Healthcare consumption among subjects with otitis media undergoing middle ear surgery-analysis of cost drivers.

Document Type


Publication Date


Publication Title

European archives of oto-rhino-laryngology : official journal of the European Federation of Oto-Rhino-Laryngological Societies (EUFOS) : affiliated with the German Society for Oto-Rhino-Laryngology - Head and Neck Surgery


Audiological care; Cholesteatoma; Cost analysis; Economic burden; Healthcare costs; Hearing loss; Middle ear surgery; Otitis media; washington; swedish


PURPOSE: To map healthcare utilized by subjects with chronic otitis media, with or without cholesteatoma and perform a cost analysis to determine key drivers of healthcare expenditure.

METHODS: A registry study of 656 adult subjects with chronic otitis media that underwent a middle ear surgery between 2014 and 2018. Healthcare contacts related to all publicly funded specialist ENT care, audiological care and primary care for a disease of the ear and mastoid process were extracted. The data are extracted from the Swedish National Patient Registry on subjects that reside in western Sweden.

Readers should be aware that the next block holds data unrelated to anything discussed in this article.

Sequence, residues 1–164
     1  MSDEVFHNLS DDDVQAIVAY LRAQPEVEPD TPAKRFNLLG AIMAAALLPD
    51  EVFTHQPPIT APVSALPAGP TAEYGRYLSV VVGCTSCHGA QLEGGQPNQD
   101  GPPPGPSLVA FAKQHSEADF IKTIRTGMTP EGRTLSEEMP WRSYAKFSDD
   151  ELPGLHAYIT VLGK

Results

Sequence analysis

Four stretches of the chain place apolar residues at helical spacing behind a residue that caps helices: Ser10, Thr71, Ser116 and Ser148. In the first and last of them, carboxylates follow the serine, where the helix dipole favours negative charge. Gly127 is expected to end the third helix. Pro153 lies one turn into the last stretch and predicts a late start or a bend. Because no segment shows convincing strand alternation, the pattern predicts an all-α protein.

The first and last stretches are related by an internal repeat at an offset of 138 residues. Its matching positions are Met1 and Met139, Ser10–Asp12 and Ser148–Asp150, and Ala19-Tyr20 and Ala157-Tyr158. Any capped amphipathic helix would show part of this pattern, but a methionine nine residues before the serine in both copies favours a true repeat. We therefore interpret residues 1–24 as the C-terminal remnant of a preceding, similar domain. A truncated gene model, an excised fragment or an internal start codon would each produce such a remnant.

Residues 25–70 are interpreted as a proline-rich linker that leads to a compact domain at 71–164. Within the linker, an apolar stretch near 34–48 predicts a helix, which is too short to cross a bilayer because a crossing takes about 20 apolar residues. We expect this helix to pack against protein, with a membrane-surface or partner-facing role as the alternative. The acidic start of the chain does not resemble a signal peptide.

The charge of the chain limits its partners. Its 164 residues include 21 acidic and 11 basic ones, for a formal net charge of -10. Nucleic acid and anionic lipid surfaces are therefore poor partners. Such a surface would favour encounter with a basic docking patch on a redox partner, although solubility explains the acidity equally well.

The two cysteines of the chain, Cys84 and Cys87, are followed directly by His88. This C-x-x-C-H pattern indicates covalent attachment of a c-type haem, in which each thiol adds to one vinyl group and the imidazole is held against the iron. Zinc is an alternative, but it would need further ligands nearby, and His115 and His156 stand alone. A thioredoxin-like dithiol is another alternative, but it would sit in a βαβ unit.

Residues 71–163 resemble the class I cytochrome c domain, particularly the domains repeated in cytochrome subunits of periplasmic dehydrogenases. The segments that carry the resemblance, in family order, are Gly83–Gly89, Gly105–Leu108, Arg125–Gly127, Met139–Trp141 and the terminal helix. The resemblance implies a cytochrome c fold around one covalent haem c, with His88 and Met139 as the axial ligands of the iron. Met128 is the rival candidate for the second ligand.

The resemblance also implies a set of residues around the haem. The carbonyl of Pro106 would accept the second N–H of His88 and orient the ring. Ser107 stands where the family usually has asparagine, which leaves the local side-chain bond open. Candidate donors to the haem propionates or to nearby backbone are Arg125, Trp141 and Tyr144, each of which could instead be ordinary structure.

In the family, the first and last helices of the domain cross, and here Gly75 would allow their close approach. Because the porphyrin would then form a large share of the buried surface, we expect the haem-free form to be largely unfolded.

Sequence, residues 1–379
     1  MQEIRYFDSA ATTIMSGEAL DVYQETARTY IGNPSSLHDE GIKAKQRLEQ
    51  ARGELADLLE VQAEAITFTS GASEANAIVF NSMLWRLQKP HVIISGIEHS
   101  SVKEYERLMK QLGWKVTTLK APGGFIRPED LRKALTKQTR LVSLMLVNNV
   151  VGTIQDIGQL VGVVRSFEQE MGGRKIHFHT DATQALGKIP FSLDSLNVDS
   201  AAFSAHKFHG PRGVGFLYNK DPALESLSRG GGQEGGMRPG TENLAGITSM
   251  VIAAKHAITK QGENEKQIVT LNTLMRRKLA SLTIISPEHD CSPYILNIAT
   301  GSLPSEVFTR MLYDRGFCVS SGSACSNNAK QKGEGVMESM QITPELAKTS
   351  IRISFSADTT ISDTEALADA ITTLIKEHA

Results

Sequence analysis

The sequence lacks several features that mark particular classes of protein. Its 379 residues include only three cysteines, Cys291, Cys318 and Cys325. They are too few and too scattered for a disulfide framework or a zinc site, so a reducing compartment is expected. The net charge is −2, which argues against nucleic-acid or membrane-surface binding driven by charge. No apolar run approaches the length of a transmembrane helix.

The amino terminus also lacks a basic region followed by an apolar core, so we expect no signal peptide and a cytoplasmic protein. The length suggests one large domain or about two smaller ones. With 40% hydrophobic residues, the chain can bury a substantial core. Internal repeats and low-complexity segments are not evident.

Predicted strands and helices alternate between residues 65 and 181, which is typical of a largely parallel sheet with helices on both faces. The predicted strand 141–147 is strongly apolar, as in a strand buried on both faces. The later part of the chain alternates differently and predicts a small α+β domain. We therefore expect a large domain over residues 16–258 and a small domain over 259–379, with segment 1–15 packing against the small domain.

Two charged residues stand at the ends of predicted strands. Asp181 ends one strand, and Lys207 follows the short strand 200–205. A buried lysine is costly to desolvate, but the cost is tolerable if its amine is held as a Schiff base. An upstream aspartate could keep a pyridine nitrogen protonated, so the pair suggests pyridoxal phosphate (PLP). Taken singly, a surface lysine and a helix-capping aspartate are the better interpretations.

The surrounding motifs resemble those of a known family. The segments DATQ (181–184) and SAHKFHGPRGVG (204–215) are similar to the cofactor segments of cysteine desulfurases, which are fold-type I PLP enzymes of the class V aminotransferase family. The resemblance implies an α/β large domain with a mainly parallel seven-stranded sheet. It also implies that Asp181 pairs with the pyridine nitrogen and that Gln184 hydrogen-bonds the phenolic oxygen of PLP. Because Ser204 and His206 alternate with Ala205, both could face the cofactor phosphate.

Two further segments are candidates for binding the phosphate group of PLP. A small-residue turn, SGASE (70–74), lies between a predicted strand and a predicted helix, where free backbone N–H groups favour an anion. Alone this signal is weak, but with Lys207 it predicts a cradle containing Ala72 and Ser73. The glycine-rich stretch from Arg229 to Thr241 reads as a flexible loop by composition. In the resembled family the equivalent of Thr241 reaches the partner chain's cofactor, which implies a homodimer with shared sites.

RESULTS: Subjects made 13,782 healthcare contacts at a total cost 61.1 million SEK (6.0 million EUR) between 2014 and 2018. The mean cost per subject was 93,075 SEK (9071 EUR) and ranged between 3971 SEK (387 EUR) and 468,711 SEK (45,683 EUR) per individual. In the most expensive quartile of subjects, mean cost was 192,353 SEK (18,747 EUR) over the 5-year period. These subjects made 3227 ENT contacts (roughly four each year) and 60% of total costs were associated with in-patient ENT care.

CONCLUSION: Patients with chronic otitis media are associated with high ENT resource utilization that does not diminish after surgical intervention and the disease places a long-term burden on healthcare systems. Significant costs are attributed to revision surgeries, indicating that these patients could be managed more effectively. In many such cases, reoperation cannot be avoided, especially due to recurrence of cholesteatoma. However, in some patients, when the indication for subsequent surgery is only hearing improvement, alternative options, such as hearing aids or implants, should also be considered. This is especially true in difficult cases, where revision ossiculoplasty is likely.




Population Health